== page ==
The number of COVID-19 inpatients at most of Maine’s hospitals remained flat for a fourth week, though there were upticks at the major hospitals serving Portland and Bangor, data collected from the hospitals by the Press Herald show.

The data, current as of Thursday, show low numbers of hospitalized COVID-19 patients across the state over the past week, further evidence that strict social distancing measures have slowed the pandemic and protected medical facilities from being overwhelmed.

Statewide, 39 people were hospitalized Thursday, though that number jumped to 44 Friday, according to the Maine Center for Disease Control and Prevention. That’s up from 35 a week earlier. Gov. Janet Mills has said the hospitalization trend is one of several metrics her administration is watching as it makes decisions about the state’s phased reopening.

Maine Medical Center, which has had roughly half of the state’s confirmed coronavirus inpatients through most of the crisis, had just 10 patients on May 2, its lowest burden since March 24, but that number rose to 17 by Thursday. Portland’s other major hospital, Mercy, had no patients for two weeks in mid-April, but its patient count has crept up from one to three since April 29.

Eastern Maine Medical Center in Bangor has had between six and seven COVID-19 patients since May 3, up from three most of last week.

Maine saw its largest single-day increase in coronavirus cases Thursday, the Maine CDC reported, largely because of outbreaks at the Tyson Foods plant in Portland, the Springbrook Center nursing home in Westbrook, and a homeless shelter in Bangor. The uptick in hospitalizations is likely related to these outbreaks, though hospitals do not disclose such information in order to protect patient privacy.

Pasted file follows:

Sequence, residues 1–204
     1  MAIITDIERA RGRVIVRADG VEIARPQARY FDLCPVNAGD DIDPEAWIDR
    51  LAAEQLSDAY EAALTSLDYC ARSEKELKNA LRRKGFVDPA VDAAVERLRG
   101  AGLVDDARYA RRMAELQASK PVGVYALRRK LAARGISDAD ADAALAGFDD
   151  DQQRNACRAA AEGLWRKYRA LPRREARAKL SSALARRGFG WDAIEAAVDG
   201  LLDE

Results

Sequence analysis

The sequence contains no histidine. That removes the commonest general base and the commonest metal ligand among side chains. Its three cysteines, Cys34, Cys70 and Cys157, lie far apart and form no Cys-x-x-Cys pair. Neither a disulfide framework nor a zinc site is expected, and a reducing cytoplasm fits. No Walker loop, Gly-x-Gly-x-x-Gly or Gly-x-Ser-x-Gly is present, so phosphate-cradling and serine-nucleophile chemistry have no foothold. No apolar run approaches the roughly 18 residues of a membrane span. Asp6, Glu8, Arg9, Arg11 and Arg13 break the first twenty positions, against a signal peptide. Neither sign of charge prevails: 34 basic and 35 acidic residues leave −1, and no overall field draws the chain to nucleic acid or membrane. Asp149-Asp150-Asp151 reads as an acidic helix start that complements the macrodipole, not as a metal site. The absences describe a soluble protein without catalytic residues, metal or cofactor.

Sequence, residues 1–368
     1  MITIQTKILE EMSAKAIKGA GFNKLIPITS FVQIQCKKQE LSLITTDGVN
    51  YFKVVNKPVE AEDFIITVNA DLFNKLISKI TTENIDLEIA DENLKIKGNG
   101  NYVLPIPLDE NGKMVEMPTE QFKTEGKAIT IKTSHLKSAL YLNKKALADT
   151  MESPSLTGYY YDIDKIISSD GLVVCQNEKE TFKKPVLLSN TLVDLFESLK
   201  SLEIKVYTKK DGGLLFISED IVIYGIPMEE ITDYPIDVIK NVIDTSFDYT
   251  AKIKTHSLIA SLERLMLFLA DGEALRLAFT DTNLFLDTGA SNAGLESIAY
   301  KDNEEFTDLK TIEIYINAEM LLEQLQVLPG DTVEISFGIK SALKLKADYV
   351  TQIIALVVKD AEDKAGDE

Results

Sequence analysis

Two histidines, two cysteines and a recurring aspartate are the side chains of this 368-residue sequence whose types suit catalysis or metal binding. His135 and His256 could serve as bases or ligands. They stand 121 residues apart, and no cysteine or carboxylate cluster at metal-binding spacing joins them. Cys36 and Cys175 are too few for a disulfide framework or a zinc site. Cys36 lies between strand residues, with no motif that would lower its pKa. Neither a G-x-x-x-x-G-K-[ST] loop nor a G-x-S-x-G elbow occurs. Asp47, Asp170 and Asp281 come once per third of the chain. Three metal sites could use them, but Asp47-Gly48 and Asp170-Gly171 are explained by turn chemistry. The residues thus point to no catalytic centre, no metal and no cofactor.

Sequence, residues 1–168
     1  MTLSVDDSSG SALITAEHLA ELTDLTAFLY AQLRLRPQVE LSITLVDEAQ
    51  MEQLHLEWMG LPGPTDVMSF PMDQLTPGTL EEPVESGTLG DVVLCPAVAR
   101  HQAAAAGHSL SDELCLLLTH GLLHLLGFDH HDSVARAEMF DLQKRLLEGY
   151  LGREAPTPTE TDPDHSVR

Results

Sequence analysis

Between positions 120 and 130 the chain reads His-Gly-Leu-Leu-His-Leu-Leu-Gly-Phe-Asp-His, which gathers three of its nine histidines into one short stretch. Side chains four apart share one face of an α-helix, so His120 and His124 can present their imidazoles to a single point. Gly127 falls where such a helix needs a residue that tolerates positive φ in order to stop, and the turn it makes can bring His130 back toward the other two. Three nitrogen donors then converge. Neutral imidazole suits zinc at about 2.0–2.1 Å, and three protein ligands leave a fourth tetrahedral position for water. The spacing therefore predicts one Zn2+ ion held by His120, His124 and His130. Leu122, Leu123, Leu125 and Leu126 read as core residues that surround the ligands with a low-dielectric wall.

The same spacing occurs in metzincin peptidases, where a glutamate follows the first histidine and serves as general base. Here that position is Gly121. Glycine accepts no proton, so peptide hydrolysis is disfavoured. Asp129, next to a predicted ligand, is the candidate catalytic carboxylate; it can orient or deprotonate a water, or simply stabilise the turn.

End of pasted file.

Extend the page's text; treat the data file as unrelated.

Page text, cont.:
The data is also unlikely to reflect the effects of reopening barber shops, hair salons and other business May 1 – or of the large gathering of mask-less customers at a defiant Bethel brewpub May 1 – because there is a generally at least a week-long lag between exposures to the virus and hospitalizations. The median incubation period before experiencing symptoms is 5.1 days, according to a May 5 study in the Annals of Internal Medicine.

Central Maine Medical Center in Lewiston has had between one and three COVID-19 inpatients since May 3 after going seven days without one. Franklin Memorial in Farmington had an inpatient count of one for much of the week, its only pandemic hospitalizations apart from April 3, when it had three.

Hospitals in most other parts of the state continued to see flat or gently declining caseloads for the fourth week running. Southern Maine Health Center in Biddeford and MaineGeneral in Augusta, the hospitals that have had the greatest burden from the pandemic after Maine Med, each had just one COVID-19 inpatient Thursday, the lowest level for both since March 26.

Mid Coast Hospital in Brunswick has had one or two patients for the past two weeks, down from a peak of five on April 13. York Hospital did not provide its weekly numbers, making its trend impossible to gauge, but said it had no patients Friday. Waldo Memorial in Belfast had a patient count of one all week, while Bridgton had none.

In all cases, hospitalizations can end three ways: recovery, death or transfer to another facility. The data does not include outpatients or inpatients who were suspected of having the virus but never tested.

Governments worldwide have introduced social distancing measures to “flatten the curve” in an effort to slow the pandemic’s spread so that hospital intensive care units are not overwhelmed by a massive wave of patients. On May 1, Maine began lifting some of the restrictions imposed March 31.

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